When an animal forages for food, it leaves it current location for what it hopes is a better locale. We like to believe that this foraging decision is made when the animal expects to get more food if it leaves than if it stays. Simple and obvious, right? Unfortunately for our intuition, this doesn’t seem to be the case. When I was at the Foraging workshop at Cosyne, one of the main themes of the day seemed to be that animals aren’t optimal foragers and they don’t look like our idealized rational economic agents, either.
Let’s consider an animal that is forced to choose between different sources of food. Life isn’t easy, so it takes some time to gather the food from each source and after gathering it must leave the area before its allowed to gather food there again. The way this particular experiment happens to be set up, if our animal was an Optimal Forager that was trying to get as much food as possible, it would apportion its time solely on the easiest food source, ignoring the rest. Anything else is a waste of time and energy. And yet – and yet! – the animal doesn’t do this; it still will go gather food at one location, move to the next and gather food there, and move on again. Look at how often (pWait) an animal will wait at a food source versus how often they should wait. It doesn’t exactly look rational to me.
Okay, so maybe Optimal Foraging isn’t the way to go; maybe an animal doesn’t apportion its time based on maximizing food rate but uses some other economic criterion. Maybe it matches its investment and reward so that the more reward it gets from a food source, the more time it spends there? Data says nope. Maybe it is a temporal discounter and prefers rewards that happen sooner over rewards that happen later? Nope again.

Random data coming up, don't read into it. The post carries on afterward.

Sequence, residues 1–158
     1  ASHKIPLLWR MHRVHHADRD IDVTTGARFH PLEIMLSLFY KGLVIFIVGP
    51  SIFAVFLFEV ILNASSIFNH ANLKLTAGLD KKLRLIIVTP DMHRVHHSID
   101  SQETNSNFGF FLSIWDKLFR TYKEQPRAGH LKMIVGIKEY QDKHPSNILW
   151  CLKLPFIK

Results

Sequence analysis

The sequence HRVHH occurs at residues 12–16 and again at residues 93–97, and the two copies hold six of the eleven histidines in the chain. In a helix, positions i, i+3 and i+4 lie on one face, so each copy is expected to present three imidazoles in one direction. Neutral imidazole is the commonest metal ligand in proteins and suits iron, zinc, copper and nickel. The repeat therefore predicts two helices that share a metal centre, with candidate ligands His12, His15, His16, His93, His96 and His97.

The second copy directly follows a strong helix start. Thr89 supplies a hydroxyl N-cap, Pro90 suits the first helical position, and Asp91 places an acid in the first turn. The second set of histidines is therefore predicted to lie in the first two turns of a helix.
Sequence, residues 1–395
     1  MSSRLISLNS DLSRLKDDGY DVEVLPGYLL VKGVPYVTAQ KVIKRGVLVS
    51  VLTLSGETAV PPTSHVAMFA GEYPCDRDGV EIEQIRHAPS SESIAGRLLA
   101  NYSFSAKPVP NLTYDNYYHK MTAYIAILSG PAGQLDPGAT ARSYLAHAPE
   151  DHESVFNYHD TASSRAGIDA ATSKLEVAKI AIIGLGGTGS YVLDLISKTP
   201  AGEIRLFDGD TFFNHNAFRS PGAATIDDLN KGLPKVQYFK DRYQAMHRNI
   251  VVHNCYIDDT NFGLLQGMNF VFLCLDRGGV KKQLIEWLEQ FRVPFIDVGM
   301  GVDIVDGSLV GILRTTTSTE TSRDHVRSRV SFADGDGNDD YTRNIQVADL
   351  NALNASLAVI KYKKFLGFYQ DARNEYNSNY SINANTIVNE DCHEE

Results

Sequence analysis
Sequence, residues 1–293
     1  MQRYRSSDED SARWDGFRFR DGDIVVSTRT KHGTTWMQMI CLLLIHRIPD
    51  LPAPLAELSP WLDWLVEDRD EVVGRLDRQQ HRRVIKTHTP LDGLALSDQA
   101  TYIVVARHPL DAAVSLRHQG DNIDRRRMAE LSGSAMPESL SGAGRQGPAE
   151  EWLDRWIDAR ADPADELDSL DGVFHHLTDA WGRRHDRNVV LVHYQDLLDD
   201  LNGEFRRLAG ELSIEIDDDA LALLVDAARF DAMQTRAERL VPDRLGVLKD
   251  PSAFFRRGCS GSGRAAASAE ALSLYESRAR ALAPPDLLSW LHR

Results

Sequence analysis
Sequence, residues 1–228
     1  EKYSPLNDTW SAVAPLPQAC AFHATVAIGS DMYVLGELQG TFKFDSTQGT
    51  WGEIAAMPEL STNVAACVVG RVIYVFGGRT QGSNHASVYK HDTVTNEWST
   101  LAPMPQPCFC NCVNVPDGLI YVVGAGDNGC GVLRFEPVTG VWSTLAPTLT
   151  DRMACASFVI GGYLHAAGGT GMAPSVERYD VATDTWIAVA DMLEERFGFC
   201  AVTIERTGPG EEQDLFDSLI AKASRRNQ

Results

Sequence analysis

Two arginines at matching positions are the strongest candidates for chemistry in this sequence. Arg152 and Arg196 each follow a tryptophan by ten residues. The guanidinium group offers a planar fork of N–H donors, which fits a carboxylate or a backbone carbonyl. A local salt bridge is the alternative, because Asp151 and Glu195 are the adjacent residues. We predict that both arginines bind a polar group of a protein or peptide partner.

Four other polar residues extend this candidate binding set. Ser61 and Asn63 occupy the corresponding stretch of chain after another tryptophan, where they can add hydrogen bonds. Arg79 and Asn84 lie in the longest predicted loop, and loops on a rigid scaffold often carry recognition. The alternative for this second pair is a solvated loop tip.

Let’s consider another option: maybe the animals get attached to the different options, or just like sampling different opportunities. What if we introduce a parameter into these different theories that represents an unwillingness to reject potential food options? This helps a little with the temporal discounting model but where it really shines is when added to the Optimal Foraging model. But foragers aren’t just always opposed to rejecting a food option. Rather, as the environment becomes more resource-rich, they are more willing to reject a food option when the environment is resource poor (low opportunity cost of time) than when it is resource rich (high opportunity cost of time).
But does this tell us what we think it does? It seems like much of the effect is explained by the length of time the animal must wait for the longest food source; the length of the other options don’t seem to affect whether an animal will reject those options. This gives us another possible option: the task was just too easy for the animals. I would like to see whether the usefulness of the discounting model changes as everything gets harder and the environment becomes sufficiently ‘resource poor’, and also how animals behave when the basic optimal foraging model predicts something other than “always go to the easiest option”.
Wikenheiser, A., Stephens, D., & Redish, A. (2013). Subjective costs drive overly patient foraging strategies in rats on an intertemporal foraging task Proceedings of the National Academy of Sciences, 110 (20), 8308-8313 DOI: 10.1073/pnas.1220738110